The booing and then chants of “Yes, we can!” by graduates of the nation’s premier Catholic university in response to a protester’s shout of “Abortion is murder!” during President Obama’s commencement address sent a chill through me.
The president of Notre Dame rationalized inviting a speaker upholding — and in effect promoting — what the Church defines as murder. On the other hand, Bishop John M. D’Arcy protested the invitation with 70 other bishops and refused to attend the commencement. But his remarks, like a lay group’s open letter to Obama, revealed tunnel vision on the evil represented by his election.
It emanates from the changes in the Church. The change in style from high liturgy to the whiny adolescent voice accompanying the plucking of the guitar string of the new folk mass in the 1960s was accompanied by the change in content, reduced to a one-note protest against abortion. Perhaps that is why Obama received 54% of the Catholic vote.
Obama’s faux hip style would likely appeal to those who go for today’s kumbaya forms of worship, such as the holding of hands during the “Lord’s Prayer” in many masses. Or the priest I heard in Holley, New York, who had come off the altar and into the aisle to talk in a confidential, folksy manner to the congregation who looked like they had just stopped into mass between their other activities that required no more sartorial effort than stepping into a pair of jeans. In the flattering soft tones that Flannery O’Connor would have zinged, he went on about the “Father, Son, and Mother Spirit.” To my horror, he explained this new feminine conception to the approving nods of the congregation’s Eves.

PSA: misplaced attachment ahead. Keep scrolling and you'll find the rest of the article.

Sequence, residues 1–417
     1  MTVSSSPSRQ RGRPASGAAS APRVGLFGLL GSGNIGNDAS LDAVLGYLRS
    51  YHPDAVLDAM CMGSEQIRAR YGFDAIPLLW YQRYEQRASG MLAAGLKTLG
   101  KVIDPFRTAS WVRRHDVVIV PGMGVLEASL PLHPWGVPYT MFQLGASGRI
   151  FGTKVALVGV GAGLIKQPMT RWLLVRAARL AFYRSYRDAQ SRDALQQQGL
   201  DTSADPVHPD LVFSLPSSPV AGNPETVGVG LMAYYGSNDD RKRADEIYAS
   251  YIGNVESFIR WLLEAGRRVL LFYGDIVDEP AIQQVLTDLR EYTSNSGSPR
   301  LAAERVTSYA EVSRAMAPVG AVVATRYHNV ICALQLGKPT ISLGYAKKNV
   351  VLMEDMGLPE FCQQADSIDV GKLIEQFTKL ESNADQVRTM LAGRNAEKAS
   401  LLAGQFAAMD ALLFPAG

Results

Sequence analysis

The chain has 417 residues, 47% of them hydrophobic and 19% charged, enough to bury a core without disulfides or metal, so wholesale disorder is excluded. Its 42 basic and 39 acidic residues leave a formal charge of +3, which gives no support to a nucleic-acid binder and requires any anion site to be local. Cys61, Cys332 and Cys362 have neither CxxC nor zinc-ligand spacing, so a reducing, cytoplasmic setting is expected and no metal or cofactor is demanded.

In many homilies, the themes of “social justice” and multiculturalism echo the lessons of the classroom. Rare is the Sunday when a priest does not caution his parishioners about the evils of “prejudice” — directed of course only at the white people who make up the overwhelming majority of the congregation. Like Julian of Flannery O’Connor’s short story “Everything That Rises Must Converge,” they salve their consciences through superficial displays of “tolerance.” In this way, the Church promotes people as groups, not individuals.
And yet the Church expects her young to condemn a leader — who comes from the dark-skinned group they have been taught to uphold — on the basis of one issue: abortion. Is it any wonder then that those at the commencement applauded Obama’s statement that both sides can “join hands in a common effort” on abortion? Why fault 22-year-olds who have grown up in a religious tradition that says very little, if anything, about the increasing power of the state? Does the Church say much about other violations to personal freedom, like the seizure of business, the breaking of contracts, and the breaking of promises about campaign funds and informing the public about legislation? The coming rationing of government health care? The ridicule of those who “cling” to their “religion”?